Transamerica Financial Advisors has agreed to pay $8.8 million in restitution and fines to settle claims that it failed to provide adequate supervision of registered representatives in connection with the sale of variable annuities, mutual funds and 529 plans, according to the Financial Industry Regulatory Authority.
Without admitting or denying the allegations, Transamerica Financial Advisors consented to the entry of FINRA’s findings, FINRA said Monday.
Transamerica Financial Advisors will pay $4.4 million in restitution to about 2,400 customers in connection with findings, and it will also pay a $4.4 million fine.
TFA said in a statement that since the investigation began in 2015, the company has improved the training, guidance, policies and procedures, and oversight of its registered representatives, and that it has improved its disclosures to customers.
Over a six-year period from May 1, 2010, through May 15, 2016, Transamerica Financial Advisors used a system for supervising variable annuity sales and exchanges that was deficient, FINRA said.
Transamerica Financial Advisors failed to detect that some of its representatives made “thousands of misstatements to customers in recommending variable annuity exchanges, understating the benefits of the existing variable annuity, and overstating the benefits of the new variable annuity,” FINRA said.
From Jan. 1, 2009, through Nov. 15, 2016, Transamerica Financial Advisors relied on representatives to determine whether sales charge waivers applied to customers’ mutual fund purchases, and the firm failed to provide guidance to representatives to help them make this determination, FINRA said.
During that period, Transamerica Financial Advisors also failed to establish a system to verify whether waivers were properly applied, and the firm ended up failing to apply about $438,239 sales charge waivers that were available to customers, FINRA said.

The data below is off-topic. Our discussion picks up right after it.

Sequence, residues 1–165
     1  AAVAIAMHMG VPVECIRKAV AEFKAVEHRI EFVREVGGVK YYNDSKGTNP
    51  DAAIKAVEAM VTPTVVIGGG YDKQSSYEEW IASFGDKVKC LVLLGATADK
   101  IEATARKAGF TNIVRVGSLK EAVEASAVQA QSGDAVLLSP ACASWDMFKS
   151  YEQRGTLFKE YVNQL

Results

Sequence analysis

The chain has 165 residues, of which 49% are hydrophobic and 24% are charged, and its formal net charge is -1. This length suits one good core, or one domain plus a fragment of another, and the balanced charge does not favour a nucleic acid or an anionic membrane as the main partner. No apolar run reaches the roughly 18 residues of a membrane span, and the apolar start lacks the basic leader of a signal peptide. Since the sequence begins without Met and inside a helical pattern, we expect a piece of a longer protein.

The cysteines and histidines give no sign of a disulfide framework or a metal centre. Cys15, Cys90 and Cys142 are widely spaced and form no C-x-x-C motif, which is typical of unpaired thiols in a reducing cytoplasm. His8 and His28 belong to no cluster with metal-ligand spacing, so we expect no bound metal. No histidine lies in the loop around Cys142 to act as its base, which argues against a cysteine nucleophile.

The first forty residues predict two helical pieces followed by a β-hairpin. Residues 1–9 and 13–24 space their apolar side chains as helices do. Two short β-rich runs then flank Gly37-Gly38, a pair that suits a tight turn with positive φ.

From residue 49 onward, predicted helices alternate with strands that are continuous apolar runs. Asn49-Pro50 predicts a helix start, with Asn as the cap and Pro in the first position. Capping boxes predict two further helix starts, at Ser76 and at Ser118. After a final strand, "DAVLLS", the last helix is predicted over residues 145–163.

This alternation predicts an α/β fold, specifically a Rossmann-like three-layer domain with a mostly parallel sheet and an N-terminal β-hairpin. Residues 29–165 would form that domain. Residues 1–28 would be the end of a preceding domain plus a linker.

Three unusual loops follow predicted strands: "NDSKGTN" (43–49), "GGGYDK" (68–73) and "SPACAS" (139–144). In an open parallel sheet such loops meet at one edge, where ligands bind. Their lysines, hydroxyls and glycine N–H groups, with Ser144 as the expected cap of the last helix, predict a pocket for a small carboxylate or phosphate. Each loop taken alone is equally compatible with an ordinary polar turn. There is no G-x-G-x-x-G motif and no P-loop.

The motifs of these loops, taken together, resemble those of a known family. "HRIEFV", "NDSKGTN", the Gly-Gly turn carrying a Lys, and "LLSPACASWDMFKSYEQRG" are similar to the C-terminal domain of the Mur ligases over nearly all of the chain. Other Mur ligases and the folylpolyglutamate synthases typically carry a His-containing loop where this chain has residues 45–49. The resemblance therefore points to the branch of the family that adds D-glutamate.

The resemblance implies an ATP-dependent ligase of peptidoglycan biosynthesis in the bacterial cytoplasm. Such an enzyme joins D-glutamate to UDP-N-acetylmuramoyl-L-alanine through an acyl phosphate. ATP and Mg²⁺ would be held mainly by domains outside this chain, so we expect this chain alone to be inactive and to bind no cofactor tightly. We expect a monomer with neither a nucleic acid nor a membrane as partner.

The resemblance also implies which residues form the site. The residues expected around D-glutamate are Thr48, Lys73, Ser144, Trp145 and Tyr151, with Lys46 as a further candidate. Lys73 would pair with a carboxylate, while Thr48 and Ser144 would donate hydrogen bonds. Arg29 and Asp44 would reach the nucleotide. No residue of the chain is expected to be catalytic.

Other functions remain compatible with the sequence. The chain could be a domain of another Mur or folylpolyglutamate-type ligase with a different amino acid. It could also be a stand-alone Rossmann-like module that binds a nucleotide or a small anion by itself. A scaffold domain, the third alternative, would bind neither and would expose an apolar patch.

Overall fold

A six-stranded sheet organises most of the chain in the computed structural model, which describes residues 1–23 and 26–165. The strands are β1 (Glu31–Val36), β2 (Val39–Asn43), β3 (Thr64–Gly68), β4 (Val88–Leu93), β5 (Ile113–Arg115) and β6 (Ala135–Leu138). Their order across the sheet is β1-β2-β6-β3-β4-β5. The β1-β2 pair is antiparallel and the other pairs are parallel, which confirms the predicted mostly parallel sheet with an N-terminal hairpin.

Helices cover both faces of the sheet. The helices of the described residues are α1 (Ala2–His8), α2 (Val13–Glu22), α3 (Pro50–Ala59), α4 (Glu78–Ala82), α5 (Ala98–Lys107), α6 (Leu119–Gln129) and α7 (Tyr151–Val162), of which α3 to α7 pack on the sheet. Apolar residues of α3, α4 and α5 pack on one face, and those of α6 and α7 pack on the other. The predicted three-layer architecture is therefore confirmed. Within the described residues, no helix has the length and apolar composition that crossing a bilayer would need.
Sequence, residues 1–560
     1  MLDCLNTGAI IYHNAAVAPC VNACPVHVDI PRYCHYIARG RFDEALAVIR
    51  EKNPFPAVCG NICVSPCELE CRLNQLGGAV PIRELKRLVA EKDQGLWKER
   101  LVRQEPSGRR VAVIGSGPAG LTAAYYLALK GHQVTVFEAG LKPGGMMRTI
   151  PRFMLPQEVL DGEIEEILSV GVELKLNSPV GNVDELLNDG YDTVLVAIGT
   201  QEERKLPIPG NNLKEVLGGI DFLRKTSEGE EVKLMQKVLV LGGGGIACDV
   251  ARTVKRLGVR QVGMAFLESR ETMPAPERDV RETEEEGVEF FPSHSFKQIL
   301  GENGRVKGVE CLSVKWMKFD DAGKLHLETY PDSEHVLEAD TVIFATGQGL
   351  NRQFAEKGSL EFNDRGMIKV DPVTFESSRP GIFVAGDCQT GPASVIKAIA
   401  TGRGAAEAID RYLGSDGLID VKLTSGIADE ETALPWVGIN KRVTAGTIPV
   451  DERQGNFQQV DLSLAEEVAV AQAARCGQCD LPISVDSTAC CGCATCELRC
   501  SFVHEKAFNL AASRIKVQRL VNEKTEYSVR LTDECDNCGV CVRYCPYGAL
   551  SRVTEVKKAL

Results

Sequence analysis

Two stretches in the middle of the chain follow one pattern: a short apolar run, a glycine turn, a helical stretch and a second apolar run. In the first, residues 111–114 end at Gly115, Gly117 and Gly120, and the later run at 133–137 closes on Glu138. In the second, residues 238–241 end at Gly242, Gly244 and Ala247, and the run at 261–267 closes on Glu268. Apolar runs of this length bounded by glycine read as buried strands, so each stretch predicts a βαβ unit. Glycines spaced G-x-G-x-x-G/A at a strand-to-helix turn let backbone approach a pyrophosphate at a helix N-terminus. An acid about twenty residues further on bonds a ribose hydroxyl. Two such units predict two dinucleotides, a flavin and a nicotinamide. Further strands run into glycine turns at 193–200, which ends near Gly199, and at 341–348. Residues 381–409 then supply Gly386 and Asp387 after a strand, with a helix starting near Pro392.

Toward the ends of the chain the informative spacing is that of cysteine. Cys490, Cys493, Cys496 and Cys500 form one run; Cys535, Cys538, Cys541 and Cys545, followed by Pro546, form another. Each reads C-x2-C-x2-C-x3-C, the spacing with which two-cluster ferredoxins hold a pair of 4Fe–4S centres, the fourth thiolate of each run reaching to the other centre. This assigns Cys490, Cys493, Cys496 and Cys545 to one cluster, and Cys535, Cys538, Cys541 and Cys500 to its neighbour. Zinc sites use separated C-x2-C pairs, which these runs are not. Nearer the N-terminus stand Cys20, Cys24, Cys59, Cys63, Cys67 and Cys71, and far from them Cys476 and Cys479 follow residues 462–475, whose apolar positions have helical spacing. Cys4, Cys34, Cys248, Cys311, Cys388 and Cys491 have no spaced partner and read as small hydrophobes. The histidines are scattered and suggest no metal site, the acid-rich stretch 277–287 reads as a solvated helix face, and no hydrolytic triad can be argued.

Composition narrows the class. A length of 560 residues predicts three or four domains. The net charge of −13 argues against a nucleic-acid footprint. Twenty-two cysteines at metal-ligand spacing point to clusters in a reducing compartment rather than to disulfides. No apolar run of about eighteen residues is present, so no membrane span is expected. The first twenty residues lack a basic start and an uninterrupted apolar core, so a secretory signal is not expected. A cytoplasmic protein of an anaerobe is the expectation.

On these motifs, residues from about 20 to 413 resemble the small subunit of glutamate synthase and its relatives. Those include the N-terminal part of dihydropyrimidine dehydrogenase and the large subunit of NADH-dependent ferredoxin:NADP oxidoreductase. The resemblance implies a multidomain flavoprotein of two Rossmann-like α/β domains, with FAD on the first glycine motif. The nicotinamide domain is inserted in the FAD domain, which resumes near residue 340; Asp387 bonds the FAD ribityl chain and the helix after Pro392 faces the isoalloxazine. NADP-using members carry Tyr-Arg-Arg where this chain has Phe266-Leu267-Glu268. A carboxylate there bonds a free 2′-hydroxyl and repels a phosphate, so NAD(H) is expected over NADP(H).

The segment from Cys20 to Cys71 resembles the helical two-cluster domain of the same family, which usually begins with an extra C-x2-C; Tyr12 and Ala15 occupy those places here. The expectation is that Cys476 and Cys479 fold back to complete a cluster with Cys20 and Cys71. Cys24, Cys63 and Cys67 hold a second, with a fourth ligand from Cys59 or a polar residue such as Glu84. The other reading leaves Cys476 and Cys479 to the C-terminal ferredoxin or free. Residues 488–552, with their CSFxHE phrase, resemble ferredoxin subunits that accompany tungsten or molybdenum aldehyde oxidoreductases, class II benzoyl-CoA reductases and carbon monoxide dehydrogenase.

Over a period from May 1, 2010, through May 31, 2015, Transamerica Financial Advisors failed to provide enough supervision of representatives’ recommendations to customers to buy particular share classes of 529 savings plans, FINRA said.
Transamerica Financial Advisors also failed to provide adequate guidance to representatives about the importance of considering share-class differences when recommending 529 plans, and it failed to provide supervisors with the information necessary to properly evaluate the suitability of 529 share-class recommendations, FINRA said.
FINRA identified the concerns included in the settlement during a FINRA cycle examination, the regulatory organization said.
The Transamerica Financial Advisors spokesperson said in the company’s statement that the $4.4 million in restitution ordered includes restitution of $438,239 that was already paid to 433 customers during FINRA’s examination regarding allowable fee waivers for mutual fund share-class purchases.
“Under the settlement, affected investors will receive amounts from a fund administered by a third-party settlement administration firm,” the Transamerica Financial Advisors spokesperson said.
“TFA cooperated fully with FINRA throughout the proceeding, and the settlement announcement concludes FINRA’s proceeding,” the Transamerica Financial Advisors spokesperson said. “TFA is confident in its investment recommendations and remains committed to continuously improving its business practices.”